Timpo's 'solid' figures included a 24-animal zoo set with keeper, Cossack warriors, British Infantry from World War II, police, farmers, bandits, cowboys and Indians, among many. There were also quirkier figures such as Hoppalong Cassidy – for whom there was both a solid and swoppet version – and a set of railway figures including squaddies, ‘yellow standing girl’ and ‘Mr and Mrs Smith’. Players were also created for various football teams and a small range of die-cast cars were made in the 1950s, although competitors produced far larger ranges. 
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Accessories

Trees, toys, animals, boats, forts, cannons, cars and trucks were manufactured to accompany the human figures. A garage accompanied the set of four mechanics, and wagon sets, cacti and teepees could be picked up for the cowboys and Indians, to name but a few.
 
Toyway, which later took over the Timpo brand and reissued some ranges, supplied spare weapons and accessories including rifles, spears and tomahawks, belts, knives and other pieces. Figures fetch a higher price if they have a full set of accessories, and specialist online sites may be able to help further.
 
There are many different paints sold by companies such as Humbrol for painting your models and accessories.
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Learning what to buy

Plastic Warrior Magazine created a Timpo special guide, detailing the company’s history from 1937 to 1995. This is rare in itself, but it does appear at collectors fairs and online auctions sometimes and may provide invaluable information. Timpo has a strong German heritage so take time to look at their online auctions as well (websites ending .de)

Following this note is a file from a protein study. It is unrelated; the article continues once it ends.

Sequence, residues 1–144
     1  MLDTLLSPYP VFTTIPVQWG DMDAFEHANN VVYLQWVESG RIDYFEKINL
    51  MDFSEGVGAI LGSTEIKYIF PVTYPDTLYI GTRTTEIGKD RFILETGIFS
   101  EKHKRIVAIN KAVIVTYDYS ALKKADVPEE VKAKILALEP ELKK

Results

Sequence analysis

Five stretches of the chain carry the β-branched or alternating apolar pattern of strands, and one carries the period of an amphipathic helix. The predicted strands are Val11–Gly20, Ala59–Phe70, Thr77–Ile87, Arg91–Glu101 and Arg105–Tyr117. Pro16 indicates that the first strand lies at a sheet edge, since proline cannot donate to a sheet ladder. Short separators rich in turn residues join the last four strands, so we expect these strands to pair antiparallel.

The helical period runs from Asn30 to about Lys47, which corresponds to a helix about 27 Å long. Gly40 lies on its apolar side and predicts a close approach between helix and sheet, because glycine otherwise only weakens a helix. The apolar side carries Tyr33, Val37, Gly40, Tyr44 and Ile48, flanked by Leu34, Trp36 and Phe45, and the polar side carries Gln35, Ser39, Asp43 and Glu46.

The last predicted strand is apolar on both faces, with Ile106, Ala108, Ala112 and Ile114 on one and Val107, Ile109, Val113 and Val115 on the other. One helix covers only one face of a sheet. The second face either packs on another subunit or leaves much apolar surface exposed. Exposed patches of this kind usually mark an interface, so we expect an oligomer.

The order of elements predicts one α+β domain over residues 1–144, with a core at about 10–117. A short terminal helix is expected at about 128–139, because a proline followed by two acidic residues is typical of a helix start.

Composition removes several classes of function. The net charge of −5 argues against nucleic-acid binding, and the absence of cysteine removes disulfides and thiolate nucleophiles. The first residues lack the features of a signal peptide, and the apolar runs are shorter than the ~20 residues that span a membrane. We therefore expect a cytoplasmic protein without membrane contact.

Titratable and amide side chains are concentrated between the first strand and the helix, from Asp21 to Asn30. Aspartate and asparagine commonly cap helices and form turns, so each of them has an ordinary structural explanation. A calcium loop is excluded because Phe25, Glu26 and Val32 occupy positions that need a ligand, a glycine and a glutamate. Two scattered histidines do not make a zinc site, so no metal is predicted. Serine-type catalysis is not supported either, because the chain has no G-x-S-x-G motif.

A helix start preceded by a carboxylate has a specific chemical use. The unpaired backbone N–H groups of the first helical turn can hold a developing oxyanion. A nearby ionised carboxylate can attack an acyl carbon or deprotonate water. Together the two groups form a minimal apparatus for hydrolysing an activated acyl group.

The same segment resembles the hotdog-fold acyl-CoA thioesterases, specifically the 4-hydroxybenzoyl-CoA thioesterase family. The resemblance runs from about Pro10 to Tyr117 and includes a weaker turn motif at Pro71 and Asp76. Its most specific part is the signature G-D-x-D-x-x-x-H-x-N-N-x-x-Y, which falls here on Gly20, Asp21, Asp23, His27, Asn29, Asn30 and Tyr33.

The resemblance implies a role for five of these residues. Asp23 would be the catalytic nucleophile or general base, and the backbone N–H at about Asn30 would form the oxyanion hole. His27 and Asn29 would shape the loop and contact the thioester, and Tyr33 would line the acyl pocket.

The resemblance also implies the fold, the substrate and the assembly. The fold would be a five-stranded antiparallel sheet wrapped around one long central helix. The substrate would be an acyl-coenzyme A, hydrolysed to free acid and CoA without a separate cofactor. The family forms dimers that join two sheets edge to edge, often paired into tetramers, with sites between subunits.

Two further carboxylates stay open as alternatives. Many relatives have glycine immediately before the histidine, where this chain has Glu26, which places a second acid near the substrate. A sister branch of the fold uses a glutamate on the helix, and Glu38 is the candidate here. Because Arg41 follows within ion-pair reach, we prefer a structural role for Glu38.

Figures and accessories themselves crop up at buyers fairs, yearly shows, online auctions and retro toy stores, but also car boot sales from people who do not know their true value. Some will be chipped and damaged but may still be worth a few pounds.  Original Timpo swoppets have the word Timpo on their base, while some solids may be marked ‘Made in England’ on the body or legs.
 
Sometimes buyers will encounter figures which have been re-painted at a later date, which can devalue them as they are not in their original state. It may be impossible to tell from an online picture, but obvious once handled. However, such is the appeal of these toys that some collectors will still part with cash, even for cheaper, copied versions produced in Asia. 
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Rarities

Historical figures such as Roman, Viking and medieval soldiers are less common. Some figures are so rare that they only seem to exist in brochures. Prime models to look out for include the cowboy campfire set, the 7th cavalry trooper in prone form from the Confederacy, Arab figures on horseback, and figurines with one-off mismoulds and/or an unusually-coloured accessories. Yellow is often a rarer colour.
 
Rare, single figures in good condition can fetch several hundred pounds or even low thousands. Many figures were reissued throughout the 1950s, 60s and 70s, so those produced shortly before the company went bust were issued for a shorter time. They are therefore rarer – and consequently worth more. A medieval knight with a common black belt might be worth £15 – one with a rare white one could be worth 10 or 20 times as much.